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Investing $2,500 - Round 2

Tech and things

Yesterday was the second purchasing round of the 2021 investment schedule. I’ll first cover the positions and then go through a bit of the thought process behind it.

Main Fund Purchases

#. Company / Stock Name (Ticker) - $ Amount | $ Cost Basis / Share

  1. Apple (AAPL) - $600 | $129.70

  2. Microsoft (MSFT) - $600 | $213.65

  3. Intuit (INTU) - $600 | $367.00

  4. SVB Financial (SIVB) - $300 | $457.69

  5. Target (TGT) - $300 | $197.50

  6. iShares 7-10 Year Treasury Bond ETF (IEF) - $50 | $118.25

  7. iShares Gold Trust (IAU) - $50 | $17.55

  8. Residual Cash - $0

Some Qualitative Thoughts

I loaded up on tech here. Apple, Microsoft, and Intuit have strong fundamentals and have historically outperformed the S&P. I think that will continue. And, I will need that additional lift as my round one purchases two weeks ago were relatively conservative.

Tech’s performance has been pretty muted this year and all three of these stocks are sitting off their recent highs. If it was a few months ago, I would’ve been more interested in other sectors like energy and financials but those have had a really strong start to the year, so, overall, it seemed like a good chance to pick up these solid names.

For Target and SVB, these are two picks that I’m kicking myself for not purchasing in the first buying round. They were the first two names that didn’t make the cut and both have ripped much higher than the stocks I actually bought. I’m cautious given their outperformance, so I only went $300 on each. If they pull back from their recent run, I’ll be happy to pick up more shares.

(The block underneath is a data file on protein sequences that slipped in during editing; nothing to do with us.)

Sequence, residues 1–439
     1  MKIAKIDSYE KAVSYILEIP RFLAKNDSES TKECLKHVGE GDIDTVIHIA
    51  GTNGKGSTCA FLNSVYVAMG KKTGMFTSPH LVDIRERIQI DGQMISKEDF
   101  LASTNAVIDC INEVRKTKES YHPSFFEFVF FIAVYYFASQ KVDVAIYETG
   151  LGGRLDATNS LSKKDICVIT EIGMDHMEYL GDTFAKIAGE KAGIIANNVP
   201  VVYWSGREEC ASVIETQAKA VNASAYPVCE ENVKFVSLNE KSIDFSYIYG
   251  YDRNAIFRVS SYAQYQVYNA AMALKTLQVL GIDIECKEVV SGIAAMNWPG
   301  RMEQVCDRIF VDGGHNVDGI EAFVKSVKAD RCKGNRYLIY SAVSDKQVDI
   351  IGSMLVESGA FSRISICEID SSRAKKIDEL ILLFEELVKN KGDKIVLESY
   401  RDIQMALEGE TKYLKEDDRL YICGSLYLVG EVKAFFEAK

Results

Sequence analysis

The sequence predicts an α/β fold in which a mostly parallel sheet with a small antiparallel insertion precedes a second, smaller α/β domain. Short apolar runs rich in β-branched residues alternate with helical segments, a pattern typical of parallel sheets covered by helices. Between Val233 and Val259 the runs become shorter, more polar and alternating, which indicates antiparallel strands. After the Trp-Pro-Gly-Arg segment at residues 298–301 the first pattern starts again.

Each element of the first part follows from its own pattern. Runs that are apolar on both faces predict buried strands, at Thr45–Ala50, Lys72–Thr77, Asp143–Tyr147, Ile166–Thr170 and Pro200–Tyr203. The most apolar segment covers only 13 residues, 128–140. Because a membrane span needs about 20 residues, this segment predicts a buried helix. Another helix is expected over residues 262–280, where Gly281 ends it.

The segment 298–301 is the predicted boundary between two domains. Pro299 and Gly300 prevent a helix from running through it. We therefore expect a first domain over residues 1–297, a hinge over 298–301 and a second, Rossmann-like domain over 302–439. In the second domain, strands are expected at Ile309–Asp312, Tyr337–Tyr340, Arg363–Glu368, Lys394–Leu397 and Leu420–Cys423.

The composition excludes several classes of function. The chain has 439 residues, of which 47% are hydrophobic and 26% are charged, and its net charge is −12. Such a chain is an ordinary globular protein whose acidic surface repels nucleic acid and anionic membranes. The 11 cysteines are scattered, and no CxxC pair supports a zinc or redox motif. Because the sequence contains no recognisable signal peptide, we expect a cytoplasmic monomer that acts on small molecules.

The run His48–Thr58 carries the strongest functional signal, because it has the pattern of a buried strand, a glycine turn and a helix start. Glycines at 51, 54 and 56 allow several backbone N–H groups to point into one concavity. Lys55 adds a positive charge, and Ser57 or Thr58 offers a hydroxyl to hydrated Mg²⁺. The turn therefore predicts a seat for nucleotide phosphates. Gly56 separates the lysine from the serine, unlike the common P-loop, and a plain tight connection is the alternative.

As gold and bonds have underperformed since the start of the year, I grabbed a little more than last time and decided not to float any cash. I could’ve gone either way with buying less and holding cash but it’s a small allocation, so I didn’t overthink it.

The biggest disappointment this round came from my timing. Futures were red prior to the market open and, when the market instead rallied in the first few minutes, I placed most of my orders out of concern that the market would continue to rise and force me to chase on price. Not long after I placed orders and got fills, the market dropped around 1% and I missed a really easy set of lower entry points. Despite that, the positions still ended the day better off than the market as a whole.

On a final note, I was quite on the fence about whether or not to jump into energy, since it had such a strong start to the year. I’ll continue to monitor the sector but, right now, I don’t want to overpay for stocks with much weaker fundamentals than what I could get elsewhere just because of a fear of missing out. In the short term, seeing energy take a big hit today felt like a small amount of validation.

Overall, I’m feeling good in the decisions for both rounds thus far. It’ll definitely be interesting to see how these moves pan out in the coming weeks and months.